Two jugs. One orange. The other looking so watered down it could only be elderflower. No ice. Warm elderflower. Quite possibly the least appetising thing in the world. Next to warm orange juice that is. I can imagine the sticky sweetness glueing up my lips and furring my tongue, and my stomach churns. Drinks should either be boiling hot or fridge cold. Everything else is a travesty.

I pass, and return to admiring the fireplace.

"Okay, I'll take it," I announce to The Charterhouse in general. "I'll move in. Do you think they ever need those Guardian people? I could do that."

People are beginning to head upstairs. We follow them.

"Very Liberty," says Helen, examining the hound's head fixed on the top of the balustrade.


She's right. It is very Liberty. Although a bit lacking in the soft furnishings department. Or any department. This is a beautiful building, but a rubbish shop.

"Go ahead," offers Helen as a dapper-looking gentleman with a walking-stick waits for us to go in.

He indicates that we are the ones that should go, instigating a battle of politeness between the two of them.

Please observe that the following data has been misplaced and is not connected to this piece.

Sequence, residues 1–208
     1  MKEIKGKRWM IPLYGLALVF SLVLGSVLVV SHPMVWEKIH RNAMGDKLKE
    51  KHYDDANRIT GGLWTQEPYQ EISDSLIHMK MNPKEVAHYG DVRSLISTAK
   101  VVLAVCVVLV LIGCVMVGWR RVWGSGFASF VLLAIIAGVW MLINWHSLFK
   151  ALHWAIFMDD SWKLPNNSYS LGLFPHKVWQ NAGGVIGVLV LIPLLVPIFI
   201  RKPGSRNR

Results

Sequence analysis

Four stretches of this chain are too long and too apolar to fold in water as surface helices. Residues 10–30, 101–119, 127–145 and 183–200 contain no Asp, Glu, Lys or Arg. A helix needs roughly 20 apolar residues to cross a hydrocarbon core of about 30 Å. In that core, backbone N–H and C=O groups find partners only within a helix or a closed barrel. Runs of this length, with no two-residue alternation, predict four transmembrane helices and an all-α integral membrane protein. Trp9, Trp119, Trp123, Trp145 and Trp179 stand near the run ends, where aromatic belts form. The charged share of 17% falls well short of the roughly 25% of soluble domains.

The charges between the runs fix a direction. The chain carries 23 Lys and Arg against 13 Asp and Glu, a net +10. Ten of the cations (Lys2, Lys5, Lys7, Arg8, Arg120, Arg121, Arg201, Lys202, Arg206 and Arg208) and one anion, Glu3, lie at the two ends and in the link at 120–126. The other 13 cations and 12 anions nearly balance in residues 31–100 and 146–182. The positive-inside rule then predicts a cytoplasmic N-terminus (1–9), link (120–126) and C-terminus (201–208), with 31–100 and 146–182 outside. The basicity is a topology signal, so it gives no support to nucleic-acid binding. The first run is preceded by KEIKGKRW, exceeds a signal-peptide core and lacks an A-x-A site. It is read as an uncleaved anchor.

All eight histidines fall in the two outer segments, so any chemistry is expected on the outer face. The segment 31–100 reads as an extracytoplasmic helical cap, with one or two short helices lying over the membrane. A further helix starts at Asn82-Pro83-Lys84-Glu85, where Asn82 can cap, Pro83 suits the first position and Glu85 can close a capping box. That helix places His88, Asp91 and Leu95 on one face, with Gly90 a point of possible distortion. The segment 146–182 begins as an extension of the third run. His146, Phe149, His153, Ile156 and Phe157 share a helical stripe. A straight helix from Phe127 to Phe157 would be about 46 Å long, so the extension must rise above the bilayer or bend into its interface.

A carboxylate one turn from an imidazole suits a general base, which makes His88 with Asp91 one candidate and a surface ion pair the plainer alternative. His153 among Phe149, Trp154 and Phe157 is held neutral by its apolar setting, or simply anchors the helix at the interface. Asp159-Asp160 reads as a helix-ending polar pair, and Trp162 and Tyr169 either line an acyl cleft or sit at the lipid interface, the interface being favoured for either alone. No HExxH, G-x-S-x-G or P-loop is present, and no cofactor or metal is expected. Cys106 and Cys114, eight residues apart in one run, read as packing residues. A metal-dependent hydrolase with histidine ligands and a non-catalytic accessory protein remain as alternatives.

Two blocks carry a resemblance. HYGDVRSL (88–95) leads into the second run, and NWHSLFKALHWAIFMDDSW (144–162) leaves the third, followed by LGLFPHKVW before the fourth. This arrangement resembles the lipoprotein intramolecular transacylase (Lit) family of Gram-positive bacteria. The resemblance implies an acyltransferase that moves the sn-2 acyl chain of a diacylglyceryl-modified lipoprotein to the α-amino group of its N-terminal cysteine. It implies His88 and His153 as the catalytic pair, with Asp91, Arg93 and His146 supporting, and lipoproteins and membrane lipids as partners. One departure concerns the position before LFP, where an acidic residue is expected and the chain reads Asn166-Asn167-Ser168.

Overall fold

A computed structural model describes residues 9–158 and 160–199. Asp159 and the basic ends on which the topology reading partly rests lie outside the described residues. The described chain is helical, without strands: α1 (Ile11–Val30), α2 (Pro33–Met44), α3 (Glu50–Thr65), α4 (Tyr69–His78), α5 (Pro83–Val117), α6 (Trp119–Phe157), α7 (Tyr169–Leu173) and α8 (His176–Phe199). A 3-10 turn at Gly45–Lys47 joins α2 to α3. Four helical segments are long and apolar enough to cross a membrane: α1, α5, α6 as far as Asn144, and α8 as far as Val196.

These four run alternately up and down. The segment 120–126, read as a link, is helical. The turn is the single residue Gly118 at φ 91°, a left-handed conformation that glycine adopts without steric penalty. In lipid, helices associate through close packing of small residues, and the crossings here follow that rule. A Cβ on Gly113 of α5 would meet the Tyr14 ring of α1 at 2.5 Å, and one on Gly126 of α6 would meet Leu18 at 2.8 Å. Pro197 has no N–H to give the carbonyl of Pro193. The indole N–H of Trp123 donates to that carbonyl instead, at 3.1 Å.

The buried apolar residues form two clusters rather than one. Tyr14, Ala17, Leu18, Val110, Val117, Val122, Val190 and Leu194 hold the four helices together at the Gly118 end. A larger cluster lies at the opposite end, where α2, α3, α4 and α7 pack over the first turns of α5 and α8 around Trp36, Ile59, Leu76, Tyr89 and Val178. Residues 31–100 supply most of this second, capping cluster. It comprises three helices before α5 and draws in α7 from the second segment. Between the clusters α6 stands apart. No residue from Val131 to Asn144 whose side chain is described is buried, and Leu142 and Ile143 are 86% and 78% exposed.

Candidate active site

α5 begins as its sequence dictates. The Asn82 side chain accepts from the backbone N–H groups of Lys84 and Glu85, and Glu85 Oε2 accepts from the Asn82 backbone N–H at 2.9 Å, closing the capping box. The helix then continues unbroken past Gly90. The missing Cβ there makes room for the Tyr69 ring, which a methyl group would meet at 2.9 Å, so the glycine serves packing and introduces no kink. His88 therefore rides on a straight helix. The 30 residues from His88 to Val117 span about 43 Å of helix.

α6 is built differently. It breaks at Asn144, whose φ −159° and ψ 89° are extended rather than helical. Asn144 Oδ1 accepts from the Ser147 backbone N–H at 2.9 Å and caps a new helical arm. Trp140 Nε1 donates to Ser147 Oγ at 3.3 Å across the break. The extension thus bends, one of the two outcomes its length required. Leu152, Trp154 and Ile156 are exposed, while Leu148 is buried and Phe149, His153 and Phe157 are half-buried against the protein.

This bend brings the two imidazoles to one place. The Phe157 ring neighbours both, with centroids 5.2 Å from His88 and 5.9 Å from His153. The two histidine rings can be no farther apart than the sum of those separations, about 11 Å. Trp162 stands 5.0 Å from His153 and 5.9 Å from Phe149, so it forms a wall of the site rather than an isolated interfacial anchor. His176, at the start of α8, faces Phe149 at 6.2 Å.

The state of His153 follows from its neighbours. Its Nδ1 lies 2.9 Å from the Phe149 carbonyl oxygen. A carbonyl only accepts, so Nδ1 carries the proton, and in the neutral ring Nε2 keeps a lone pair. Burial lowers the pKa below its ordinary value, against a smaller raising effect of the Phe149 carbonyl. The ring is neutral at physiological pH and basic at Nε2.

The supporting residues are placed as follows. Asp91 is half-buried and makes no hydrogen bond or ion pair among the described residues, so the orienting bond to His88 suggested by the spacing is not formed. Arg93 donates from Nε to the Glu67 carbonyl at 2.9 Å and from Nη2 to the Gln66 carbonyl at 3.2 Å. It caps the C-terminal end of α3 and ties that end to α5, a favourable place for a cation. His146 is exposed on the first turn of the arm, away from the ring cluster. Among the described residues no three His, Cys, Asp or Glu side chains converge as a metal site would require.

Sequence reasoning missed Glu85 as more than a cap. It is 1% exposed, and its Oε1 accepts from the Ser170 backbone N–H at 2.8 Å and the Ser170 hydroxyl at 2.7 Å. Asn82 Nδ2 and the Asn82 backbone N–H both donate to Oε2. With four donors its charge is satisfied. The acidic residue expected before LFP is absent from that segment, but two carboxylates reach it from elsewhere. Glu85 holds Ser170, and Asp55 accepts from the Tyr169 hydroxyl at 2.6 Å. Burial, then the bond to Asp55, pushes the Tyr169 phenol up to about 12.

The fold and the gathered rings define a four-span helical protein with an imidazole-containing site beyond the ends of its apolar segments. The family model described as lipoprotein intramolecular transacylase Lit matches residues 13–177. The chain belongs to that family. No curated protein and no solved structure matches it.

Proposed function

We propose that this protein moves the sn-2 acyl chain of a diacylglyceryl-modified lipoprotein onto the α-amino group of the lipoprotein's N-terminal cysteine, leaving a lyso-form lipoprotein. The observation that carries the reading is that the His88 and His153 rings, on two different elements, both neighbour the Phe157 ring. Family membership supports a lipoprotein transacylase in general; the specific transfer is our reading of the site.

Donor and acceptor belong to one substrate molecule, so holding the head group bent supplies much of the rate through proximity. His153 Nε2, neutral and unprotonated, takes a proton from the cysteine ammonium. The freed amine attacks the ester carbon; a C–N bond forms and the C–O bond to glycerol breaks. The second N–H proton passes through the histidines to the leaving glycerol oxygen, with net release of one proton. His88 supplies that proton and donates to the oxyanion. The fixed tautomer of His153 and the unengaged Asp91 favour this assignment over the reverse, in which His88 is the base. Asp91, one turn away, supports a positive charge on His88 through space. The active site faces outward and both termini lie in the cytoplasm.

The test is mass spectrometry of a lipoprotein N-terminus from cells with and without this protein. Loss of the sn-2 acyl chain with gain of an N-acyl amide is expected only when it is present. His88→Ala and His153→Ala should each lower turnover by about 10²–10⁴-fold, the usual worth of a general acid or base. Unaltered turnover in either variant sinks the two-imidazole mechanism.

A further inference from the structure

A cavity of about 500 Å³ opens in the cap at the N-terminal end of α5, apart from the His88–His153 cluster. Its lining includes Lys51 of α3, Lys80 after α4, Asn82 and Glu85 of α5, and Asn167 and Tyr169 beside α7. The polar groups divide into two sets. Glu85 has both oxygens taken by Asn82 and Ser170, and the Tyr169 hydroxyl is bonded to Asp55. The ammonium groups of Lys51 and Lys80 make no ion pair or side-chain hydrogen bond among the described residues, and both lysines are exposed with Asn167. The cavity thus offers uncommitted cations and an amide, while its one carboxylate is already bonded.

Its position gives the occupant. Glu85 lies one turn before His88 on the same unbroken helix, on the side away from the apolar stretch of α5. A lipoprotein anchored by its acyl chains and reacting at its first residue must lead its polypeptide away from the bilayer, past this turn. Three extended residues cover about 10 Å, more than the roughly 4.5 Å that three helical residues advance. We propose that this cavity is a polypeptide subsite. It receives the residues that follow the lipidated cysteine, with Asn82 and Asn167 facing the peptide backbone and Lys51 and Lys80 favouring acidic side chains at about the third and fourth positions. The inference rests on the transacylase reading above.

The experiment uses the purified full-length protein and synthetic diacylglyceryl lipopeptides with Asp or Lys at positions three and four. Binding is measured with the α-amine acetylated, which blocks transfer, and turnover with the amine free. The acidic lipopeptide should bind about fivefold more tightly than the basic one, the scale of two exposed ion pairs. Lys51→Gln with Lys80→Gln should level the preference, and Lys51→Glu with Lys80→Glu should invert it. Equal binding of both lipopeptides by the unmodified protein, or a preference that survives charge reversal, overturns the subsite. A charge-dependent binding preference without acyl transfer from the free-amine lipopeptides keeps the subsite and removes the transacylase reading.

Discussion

I smile. This is a game the dapper gentleman can't possibly win. I've seen Helen's ruthless friendliness in action before. He's not playing with an amateur here.

But then he draws out a trump card so shocking I'm left reeling.

"I live here," he announces.

I'm sorry, you what?

"You live here?" asks Helen, clearly also requiring some clarification on the matter.

He doesn't offer any, other than confirming that he does indeed live here.

I didn't realise that was an actual option.

I can't let this opportunity go to waste. "Well, if you ever need a roommate..."

He laughs. "Promises. Promises."

That settled, we move on, following the crowd through a dark antechamber and then...



I mean... wow is pretty much the only response you can have to a room like this.

Helen is the first to find her voice.

"Look at the tapestries!" says Helen. "Actual, real tapestries."

"Look at the ceiling!" I respond.

Look! Look! Look! Look! Look!

The chandeliers! The walls! The floor!

The fireplace!


If I thought the one downstairs was impressive, the one here is on a whole different level. Extending from wooden floor to intricately moulded ceiling, the fireplace is an extravaganza of religious carvings and inlays, picked out with gilt. There's a stone surround. And a brick backing. And suddenly I understand that woman who married the Eiffel Tower, because I am in love with this fireplace and I'm ready for commitment.